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Taxes, Cigarette Consumption and Smoking Intensity

Author

Listed:
  • Adda, Jérôme

    () (Bocconi University)

  • Cornaglia, Francesca

    () (Queen Mary, University of London)

Abstract

This paper analyses the compensatory behavior of smokers. Exploiting data on cotinine concentration – a metabolite of nicotine – measured in a large population of smokers over time, we show that smokers compensate tax hikes by extracting more nicotine per cigarette. Our study makes two important contributions. First, as smoking more intensively a given cigarette is detrimental to health, our results question the usefulness of tax increases. Second, we develop a model of rational addiction where agents can also adjust their intensity of smoking and we show that the previous empirical results suffer from severe estimation biases.

Suggested Citation

  • Adda, Jérôme & Cornaglia, Francesca, 2005. "Taxes, Cigarette Consumption and Smoking Intensity," IZA Discussion Papers 1849, Institute for the Study of Labor (IZA).
  • Handle: RePEc:iza:izadps:dp1849
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    References listed on IDEAS

    as
    1. Harris, Jeffrey E, 1980. "Taxing Tar and Nicotine," American Economic Review, American Economic Association, vol. 70(3), pages 300-311, June.
    2. William N. Evans & Matthew C. Farrelly, 1998. "The Compensating Behavior of Smokers: Taxes, Tar, and Nicotine," RAND Journal of Economics, The RAND Corporation, vol. 29(3), pages 578-595, Autumn.
    3. Chaloupka, Frank, 1991. "Rational Addictive Behavior and Cigarette Smoking," Journal of Political Economy, University of Chicago Press, vol. 99(4), pages 722-742, August.
    4. Chaloupka, Frank J. & Warner, Kenneth E., 2000. "The economics of smoking," Handbook of Health Economics,in: A. J. Culyer & J. P. Newhouse (ed.), Handbook of Health Economics, edition 1, volume 1, chapter 29, pages 1539-1627 Elsevier.
    5. Jerome Adda & Francesca Cornaglia, 2005. "The effects of taxes and bans on passive smoking," CeMMAP working papers CWP20/05, Centre for Microdata Methods and Practice, Institute for Fiscal Studies.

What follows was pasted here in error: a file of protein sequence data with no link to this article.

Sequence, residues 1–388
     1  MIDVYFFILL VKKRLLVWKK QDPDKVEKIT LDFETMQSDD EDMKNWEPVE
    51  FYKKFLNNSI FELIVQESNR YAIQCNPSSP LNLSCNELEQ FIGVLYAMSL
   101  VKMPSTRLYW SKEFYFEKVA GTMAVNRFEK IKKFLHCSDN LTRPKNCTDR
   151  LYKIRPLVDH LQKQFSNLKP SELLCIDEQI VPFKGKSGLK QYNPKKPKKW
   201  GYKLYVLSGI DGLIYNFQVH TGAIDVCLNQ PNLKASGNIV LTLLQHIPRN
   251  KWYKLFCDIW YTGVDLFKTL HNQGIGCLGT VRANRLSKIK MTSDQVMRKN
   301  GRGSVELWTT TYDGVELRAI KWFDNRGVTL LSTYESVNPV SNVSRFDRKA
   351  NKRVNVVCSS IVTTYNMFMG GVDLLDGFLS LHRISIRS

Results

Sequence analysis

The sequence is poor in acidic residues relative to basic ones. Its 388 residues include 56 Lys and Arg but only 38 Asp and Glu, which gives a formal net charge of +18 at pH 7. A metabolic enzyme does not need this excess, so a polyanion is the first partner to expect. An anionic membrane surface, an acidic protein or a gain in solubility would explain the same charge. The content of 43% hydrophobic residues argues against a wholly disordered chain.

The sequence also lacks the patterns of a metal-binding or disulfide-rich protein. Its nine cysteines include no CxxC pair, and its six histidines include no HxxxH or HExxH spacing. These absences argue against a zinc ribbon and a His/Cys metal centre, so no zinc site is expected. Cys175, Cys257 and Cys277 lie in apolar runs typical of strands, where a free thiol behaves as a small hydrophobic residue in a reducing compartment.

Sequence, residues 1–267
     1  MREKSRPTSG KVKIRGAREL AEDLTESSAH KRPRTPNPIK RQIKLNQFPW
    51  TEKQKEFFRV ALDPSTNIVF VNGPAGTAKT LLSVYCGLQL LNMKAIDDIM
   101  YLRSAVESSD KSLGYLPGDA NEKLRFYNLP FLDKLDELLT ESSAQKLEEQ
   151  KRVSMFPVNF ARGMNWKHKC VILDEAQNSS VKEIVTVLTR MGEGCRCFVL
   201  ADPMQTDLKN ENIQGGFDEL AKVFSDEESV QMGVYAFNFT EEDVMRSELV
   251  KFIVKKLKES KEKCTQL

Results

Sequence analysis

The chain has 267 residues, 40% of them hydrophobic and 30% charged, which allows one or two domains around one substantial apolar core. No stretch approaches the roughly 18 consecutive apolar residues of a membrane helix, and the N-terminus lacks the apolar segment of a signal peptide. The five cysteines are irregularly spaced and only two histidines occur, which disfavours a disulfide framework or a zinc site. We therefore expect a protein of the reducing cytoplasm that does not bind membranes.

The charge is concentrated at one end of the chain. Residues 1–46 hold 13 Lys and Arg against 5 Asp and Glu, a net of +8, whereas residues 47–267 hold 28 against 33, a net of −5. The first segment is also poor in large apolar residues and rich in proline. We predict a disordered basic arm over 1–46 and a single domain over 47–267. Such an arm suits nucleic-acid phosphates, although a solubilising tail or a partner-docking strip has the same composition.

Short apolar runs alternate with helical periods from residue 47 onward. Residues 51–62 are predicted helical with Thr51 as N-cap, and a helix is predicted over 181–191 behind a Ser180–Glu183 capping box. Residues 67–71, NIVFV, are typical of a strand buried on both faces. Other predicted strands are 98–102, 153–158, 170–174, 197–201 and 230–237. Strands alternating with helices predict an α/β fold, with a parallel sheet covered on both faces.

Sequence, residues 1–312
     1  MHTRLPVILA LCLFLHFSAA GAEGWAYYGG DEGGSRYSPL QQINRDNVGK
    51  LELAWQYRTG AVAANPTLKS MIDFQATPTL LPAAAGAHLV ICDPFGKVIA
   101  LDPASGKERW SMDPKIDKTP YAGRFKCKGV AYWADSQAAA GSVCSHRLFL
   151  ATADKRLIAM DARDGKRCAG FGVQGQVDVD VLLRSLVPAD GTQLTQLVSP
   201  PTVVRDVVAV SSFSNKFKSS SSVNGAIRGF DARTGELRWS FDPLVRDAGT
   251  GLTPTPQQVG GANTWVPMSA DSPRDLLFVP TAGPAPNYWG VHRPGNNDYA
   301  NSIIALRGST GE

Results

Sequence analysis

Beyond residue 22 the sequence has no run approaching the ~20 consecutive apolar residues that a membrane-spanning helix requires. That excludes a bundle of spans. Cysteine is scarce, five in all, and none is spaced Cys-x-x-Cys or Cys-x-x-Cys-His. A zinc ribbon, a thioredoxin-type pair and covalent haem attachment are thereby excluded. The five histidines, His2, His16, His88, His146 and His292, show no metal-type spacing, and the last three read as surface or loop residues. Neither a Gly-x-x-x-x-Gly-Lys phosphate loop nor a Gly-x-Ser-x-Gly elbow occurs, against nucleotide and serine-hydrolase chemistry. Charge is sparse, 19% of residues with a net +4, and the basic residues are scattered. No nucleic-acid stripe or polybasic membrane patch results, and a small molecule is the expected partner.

6. Jonathan Gruber & Botond Koszegi, 2000. "Is Addiction "Rational"? Theory and Evidence," NBER Working Papers 7507, National Bureau of Economic Research, Inc.
    7. Becker, Gary S & Grossman, Michael & Murphy, Kevin M, 1994. "An Empirical Analysis of Cigarette Addiction," American Economic Review, American Economic Association, vol. 84(3), pages 396-418, June.
    8. M.C. Farrelly & C.T. Nimsch & A. Hyland & M. Cummings, 2004. "The effects of higher cigarette prices on tar and nicotine consumption in a cohort of adult smokers," Health Economics, John Wiley & Sons, Ltd., vol. 13(1), pages 49-58.
    9. Becker, Gary S & Murphy, Kevin M, 1988. "A Theory of Rational Addiction," Journal of Political Economy, University of Chicago Press, vol. 96(4), pages 675-700, August.
    10. Philip DeCicca & Donald Kenkel & Alan Mathios, 2002. "Putting Out the Fires: Will Higher Taxes Reduce the Onset of Youth Smoking?," Journal of Political Economy, University of Chicago Press, vol. 110(1), pages 144-169, February.
    11. Jonathan Gruber & Botond Köszegi, 2001. "Is Addiction "Rational"? Theory and Evidence," The Quarterly Journal of Economics, Oxford University Press, vol. 116(4), pages 1261-1303.
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    More about this item

    Keywords

    smoking; cigarettes; addiction; taxes;

    JEL classification:

    • I1 - Health, Education, and Welfare - - Health

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